The first large human settlements in the Near and Middle East from around 10,000 years ago were often decimated and sometimes destroyed by the diseases caused by the build-up of the wastes. Hunter-gathers left their parasites behind as they roamed. In the Black Death, millions died as the huddled in churches praying to God. Now Ebola thrives in dense, unhygienic settlements but it also spreads across the world on the trail of jet-plane journeys. Like the rogue alien plants, animals and their diseases that are causing environmental havoc world-wide, human diseases now hitch a ride on human mobility. Nowhere to hide.
One of the minor mysteries of our time is why the 1968 album by the New Jazz orchestra Le Déjeuner sur l’Herbe has never been released in a digital format. The album is classic big band orchestral jazz in the mould of the Miles Davis/Gil Evans albums. Le Dejeurner stands up to the comparison well.
Neil Ardley is the Gil Evans of this project; there is no Miles Davis figure but the band features the cream of British jazz of the period. There is also an interesting rock component because the drummer is Jon Hiseman of the jazz-rock band Colosseum and the bassist Jack Bruce of Cream. I’ve always been amazed that Bruce found the time to do this session at a time when Cream was a very big band indeed. He plays very well in a totally different style.
The tunes include the jazz standards Naima and Nardis and the rest are by the British composers Howard Riley, Mike Taylor, Michel Garrick, Michel Gibbs, and Ardley himself for the title track.
The arrangements demonstrate again how beautiful orchestral jazz can be: the skirling flugelhorn and growing tuba offsetting soaring soprano saxophone. The arrangements are intricate and the playing warm and inventive. I’ve been playing the vinyl album for 46 year and have never tired of it.
Why am I’m writing about it now? Because the title track is now available on iTunes on a compliation disc (only that one, sadly): Impressed with Gilles Peterson, Vol 2. Ardley’s Le Déjeuner is a masterpiece. 7 min and 40 secs long; it has many shifting moods, developing as a classical piece does, rather than simply running thorough the changes. It’s wonderful to have this on the iPod: can we soon have the rest of the album, please?
PS. There is a live digital album of the NJO, Camden ’70 Live, playing most of the material from Le Déjeuner but it often sounds frantic and lacks the gorgeous precision of the original.
The race is truly on to find an economic process for producing solar fuels. Chemical fuels produced using solar energy would be the solution to several problems. However efficient silicon and other solar cells and other renewable sources of electricity might become in the future, the world cannot run on electricity alone. Forms of storable energy are needed, not to mention chemical feedstocks for our materials industries. Solar fuels would be able to use the existing infrastructure of petrochemicals plants, pipelines and filling stations. The route is well understood: the processes are simply not yet cost-effective.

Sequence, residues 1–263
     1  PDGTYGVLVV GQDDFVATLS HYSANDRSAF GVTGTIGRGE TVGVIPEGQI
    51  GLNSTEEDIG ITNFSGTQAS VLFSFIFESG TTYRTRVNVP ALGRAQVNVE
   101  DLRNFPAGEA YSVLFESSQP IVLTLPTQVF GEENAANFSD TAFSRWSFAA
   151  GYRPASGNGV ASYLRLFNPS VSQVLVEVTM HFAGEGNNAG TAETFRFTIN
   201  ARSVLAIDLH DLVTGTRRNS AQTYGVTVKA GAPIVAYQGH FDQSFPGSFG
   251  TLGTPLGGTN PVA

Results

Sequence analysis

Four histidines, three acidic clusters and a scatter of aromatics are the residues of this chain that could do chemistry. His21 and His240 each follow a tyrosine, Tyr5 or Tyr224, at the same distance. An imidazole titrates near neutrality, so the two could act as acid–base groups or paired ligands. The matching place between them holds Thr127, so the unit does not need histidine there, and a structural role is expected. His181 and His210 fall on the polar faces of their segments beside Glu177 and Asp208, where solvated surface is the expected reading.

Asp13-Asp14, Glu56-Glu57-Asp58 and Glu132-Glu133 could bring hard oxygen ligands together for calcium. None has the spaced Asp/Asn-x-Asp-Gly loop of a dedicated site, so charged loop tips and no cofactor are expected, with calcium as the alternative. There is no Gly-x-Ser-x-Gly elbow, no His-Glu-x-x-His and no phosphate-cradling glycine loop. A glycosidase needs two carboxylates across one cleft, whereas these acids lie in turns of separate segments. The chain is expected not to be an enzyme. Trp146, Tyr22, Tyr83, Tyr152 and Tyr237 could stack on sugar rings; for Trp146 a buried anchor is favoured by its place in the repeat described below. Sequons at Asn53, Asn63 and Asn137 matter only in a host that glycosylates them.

Natural photosynthesis is the inspiration but solar fuels will not be produced by imitating it in detail. Natural photosynthesis has two stages: water splitting – producing hydrogen and oxygen – and carbon dioxide reduction to yield hydrocarbons and hence the panoply of organics. For now the emphasis is on water splitting: “fuel from air and water” is already a commercial operation where cheap electricity from hydrothermal sources is used for water splitting and carbon dioxide is then reduced to organics by the hydrogen. But to be able to produce hydrogen from sunlight would be a game changer for the whole world.
Now Michael Grätzel’s team at Lausanne (of fuel-cell fame) have coupled a perovksite solar cell to a cheap water-splitting catalyst to produce solar hydrogen with a 12.3% solar energy:hydrogen efficiency (natural photosynthesis is less than 1% efficient).
Tantalisingly, the new system so far meets only three of the requirements for a commercial process: efficient, cost-effective, scalable, and stable through many cycles. The perovskite solar cells fall at the last hurdle and urgent work is now being done to address this.
Science, 26 September 2014, pp. 1566-7; 1593-6.
I'm a writer whose interests include the biological revolution happening now, the relationship between art and science, jazz, and the state of the planet